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  4. LimaUniformNovemberAlpha

    LimaUniformNovemberAlpha Rookie

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    So... comparing modern generations' reactions to a book to previous generations' reactions to the exact same book is reason enough to impose that book on a new generation?

    A: If that's the reason, why do semi-modern books like To Kill A Mockingbird take up ANY time that could have been spent on more of the works of Sophocles, let alone Shakespeare?

    B: Why, if that's the reason, isn't there a publicly-available statistical trend kept track of in how students' interpretations of these works has changed with each passing generation?
     
  5. Aces

    Aces Devotee

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    You missed the point. Do scientists not study the work of others to advance our own? Do historians not study the notes of those that came before them? Of course they do. A lot has changed since Shakespeare’s day, sure. But a lot hasn’t. The ability to draw connections with someone you can’t ask directly what they meant is an important skill. One that everyone who practices STEAM professions used on a daily basis.
     
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  6. a2z

    a2z Virtuoso

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    Another reason to read the novels of Shakespeare and other old works is to help the student learn to think outside of their own perspective. Any quality literature class will expose the student to knowledge of the culture, history, and language meaning of the time. The reading then becomes a process of analysis using a different set of criteria rather than your own experience and knowledge of the world around you.

    While there may not be one "correct" interpretation, not everyone's interpretation is "correct" just because they have had an experience and can make a justification based on today's interpretation of the language.

    It makes you go outside of what you know. Learn some about the time. Then read the work using those boundaries. You really read works like Shakespeare to figure out what did it mean at the time, but because life has some very specific themes, you can see then in today and parts of today in then.
     
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  7. SpecialPreskoo

    SpecialPreskoo Moderator

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    LUNA, are you working on a college assignment by chance?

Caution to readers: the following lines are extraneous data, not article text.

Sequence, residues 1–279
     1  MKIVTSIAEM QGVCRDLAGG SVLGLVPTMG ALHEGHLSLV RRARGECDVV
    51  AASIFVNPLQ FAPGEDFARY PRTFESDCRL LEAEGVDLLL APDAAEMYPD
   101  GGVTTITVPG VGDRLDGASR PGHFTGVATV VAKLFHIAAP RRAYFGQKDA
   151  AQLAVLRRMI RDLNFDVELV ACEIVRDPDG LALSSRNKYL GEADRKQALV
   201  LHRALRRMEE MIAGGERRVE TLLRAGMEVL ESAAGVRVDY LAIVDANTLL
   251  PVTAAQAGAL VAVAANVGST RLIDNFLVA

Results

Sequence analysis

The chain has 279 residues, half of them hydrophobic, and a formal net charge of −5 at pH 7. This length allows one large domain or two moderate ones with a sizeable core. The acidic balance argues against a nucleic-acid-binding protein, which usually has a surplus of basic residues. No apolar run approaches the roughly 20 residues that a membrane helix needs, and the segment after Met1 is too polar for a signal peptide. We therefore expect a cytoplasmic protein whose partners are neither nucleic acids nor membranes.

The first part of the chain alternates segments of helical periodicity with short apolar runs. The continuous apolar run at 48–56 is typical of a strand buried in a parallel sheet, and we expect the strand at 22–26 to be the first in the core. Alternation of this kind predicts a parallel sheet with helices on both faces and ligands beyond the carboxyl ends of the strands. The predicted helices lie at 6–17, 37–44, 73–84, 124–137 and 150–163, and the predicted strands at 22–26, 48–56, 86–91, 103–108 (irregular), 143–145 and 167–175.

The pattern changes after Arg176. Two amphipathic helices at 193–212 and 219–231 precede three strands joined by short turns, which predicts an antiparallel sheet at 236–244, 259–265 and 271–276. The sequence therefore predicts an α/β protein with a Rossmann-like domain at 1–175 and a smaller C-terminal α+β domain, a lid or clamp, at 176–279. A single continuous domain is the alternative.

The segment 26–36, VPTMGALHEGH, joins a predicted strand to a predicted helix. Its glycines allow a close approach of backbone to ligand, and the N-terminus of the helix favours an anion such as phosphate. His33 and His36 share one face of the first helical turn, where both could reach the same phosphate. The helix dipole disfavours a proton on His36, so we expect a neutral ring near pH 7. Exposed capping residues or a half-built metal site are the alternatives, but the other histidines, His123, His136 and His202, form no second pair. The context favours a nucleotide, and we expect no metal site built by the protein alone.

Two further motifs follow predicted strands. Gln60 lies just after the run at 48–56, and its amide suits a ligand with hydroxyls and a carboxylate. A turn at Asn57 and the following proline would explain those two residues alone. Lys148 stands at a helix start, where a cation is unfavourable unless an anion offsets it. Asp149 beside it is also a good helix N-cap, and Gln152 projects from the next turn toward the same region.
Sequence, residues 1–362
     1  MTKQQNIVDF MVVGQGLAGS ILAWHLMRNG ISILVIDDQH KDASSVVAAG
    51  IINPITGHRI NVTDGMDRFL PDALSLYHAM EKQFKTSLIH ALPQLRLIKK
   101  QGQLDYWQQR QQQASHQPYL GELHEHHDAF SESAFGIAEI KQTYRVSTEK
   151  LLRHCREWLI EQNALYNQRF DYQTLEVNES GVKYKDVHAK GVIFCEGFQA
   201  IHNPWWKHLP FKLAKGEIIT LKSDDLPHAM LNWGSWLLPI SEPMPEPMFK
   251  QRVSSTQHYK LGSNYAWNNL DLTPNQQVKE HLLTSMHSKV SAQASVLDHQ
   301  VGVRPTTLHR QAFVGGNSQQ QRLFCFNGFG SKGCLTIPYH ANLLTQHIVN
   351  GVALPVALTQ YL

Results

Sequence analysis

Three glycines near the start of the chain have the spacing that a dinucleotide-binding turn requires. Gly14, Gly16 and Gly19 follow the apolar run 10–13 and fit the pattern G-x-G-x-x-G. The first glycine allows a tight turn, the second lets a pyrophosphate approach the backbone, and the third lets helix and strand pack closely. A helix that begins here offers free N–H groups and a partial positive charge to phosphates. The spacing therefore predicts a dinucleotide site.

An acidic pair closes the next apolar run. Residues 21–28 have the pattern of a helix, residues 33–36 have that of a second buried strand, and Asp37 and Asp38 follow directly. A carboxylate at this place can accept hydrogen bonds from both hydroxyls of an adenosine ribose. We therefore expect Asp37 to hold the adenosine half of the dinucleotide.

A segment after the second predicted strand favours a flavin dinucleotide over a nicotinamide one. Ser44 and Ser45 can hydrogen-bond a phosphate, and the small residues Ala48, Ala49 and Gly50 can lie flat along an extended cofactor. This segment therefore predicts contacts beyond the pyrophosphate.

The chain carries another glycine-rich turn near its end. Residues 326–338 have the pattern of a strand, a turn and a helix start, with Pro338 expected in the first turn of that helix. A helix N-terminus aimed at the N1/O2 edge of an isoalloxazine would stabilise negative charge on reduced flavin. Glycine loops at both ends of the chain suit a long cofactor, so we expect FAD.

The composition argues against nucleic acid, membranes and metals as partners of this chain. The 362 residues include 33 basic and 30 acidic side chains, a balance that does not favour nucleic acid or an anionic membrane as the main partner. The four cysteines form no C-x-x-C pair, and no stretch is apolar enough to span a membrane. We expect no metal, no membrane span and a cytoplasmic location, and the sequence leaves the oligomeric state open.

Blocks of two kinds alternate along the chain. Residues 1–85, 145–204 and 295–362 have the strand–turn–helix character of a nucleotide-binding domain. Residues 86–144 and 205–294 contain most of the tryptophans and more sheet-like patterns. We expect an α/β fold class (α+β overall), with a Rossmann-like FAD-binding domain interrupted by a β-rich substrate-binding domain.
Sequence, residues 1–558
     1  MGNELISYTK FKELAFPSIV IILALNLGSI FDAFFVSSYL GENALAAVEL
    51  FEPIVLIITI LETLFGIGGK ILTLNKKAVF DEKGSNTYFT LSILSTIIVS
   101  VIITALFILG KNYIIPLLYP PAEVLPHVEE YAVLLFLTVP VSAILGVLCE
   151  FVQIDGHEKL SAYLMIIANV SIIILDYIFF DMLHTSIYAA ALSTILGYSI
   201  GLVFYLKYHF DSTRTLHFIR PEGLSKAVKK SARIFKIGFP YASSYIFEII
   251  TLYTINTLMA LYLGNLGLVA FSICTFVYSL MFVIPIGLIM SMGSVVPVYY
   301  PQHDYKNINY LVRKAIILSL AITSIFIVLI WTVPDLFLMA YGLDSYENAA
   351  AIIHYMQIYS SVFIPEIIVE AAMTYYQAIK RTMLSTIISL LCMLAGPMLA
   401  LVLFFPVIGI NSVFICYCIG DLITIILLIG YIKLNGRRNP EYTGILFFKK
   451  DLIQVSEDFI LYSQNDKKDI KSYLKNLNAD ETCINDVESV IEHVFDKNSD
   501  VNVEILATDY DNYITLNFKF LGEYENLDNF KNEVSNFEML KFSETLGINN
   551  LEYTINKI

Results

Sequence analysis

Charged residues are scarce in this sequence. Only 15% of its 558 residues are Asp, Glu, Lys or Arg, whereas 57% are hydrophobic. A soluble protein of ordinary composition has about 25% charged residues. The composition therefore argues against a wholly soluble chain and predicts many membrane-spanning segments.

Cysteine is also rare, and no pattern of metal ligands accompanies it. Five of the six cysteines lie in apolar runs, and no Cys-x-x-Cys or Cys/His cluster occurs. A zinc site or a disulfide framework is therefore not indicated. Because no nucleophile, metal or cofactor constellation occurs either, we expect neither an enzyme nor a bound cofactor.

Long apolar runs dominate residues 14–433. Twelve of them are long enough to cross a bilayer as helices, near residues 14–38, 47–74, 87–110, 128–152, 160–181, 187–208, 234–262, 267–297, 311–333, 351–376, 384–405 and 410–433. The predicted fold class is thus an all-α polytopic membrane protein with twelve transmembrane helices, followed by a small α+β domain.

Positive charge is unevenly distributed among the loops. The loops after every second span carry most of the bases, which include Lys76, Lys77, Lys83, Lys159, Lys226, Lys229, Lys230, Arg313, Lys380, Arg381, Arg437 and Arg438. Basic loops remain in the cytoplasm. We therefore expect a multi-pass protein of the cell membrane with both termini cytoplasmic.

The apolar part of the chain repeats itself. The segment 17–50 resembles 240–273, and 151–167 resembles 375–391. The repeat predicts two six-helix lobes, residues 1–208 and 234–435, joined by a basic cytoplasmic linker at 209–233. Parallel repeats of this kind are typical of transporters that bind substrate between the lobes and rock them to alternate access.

8. readingrules12

    readingrules12 Aficionado

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    I think there is value in having students choose their own literature books, and value in exposing students to a particularly good novel that is discussed as a class. Careful thought should be done to choose good literature not just same as always has been done. Students will never read great literature such as To Kill A Mockingbird and Hamlet unless it is required. The benefits of such literature can be great.
     
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  9. mathteachertobe

    mathteachertobe Cohort

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    I can't get past the idea that the "noble goals" of math classes include sorting student by intellect.
     
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  10. LimaUniformNovemberAlpha

    LimaUniformNovemberAlpha Rookie

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    What's the alternative? Let people's perception of your intellect rely on a singular IQ test? Let it be gauged by a plurality of grades in other courses, including ones at which intentional OR unintentional ideological biases may cloud one's assessment of the merit of one's answers? Let it be a "know it when they see it" thing, in which case, it will be biased against those who popular opinion would prefer to smear as stupid, whether for the lulz, or to discredit their challenges to mainstream thought? What possible other means are there to fight back against someone being falsely smeared as stupid?

    All the things people have invoked about literature thus far either sound like things that could just as easily be handled by a history class, and/or things that still don't quite justify the coercion of both the taxpayer and the student in imposing such literature on them. We live in a world where making the taxpayers pay for allergy sufferers' epipens is considered unthinkable, but spending those same tax dollars to shove To Kill A Mockingbird down students throats is acceptable, because they think their desire to do so trumps individual students' freedom of choice in which fiction to consume? Seems like a misuse of tax dollars if you ask me.

    No, this isn't a college assignment. I'm just a former teacher who's switched careers and is venting about everything that bothers me about the education system.
     
  11. 3Sons

    3Sons Enthusiast

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    Feb 19, 2021

    The school system isn't forcing tastes in literature; kids are free to completely hate their assignments of 18th-century texts. In fact, I suspect if you took a poll of the older generations that those works weren't exactly the most popular assignments.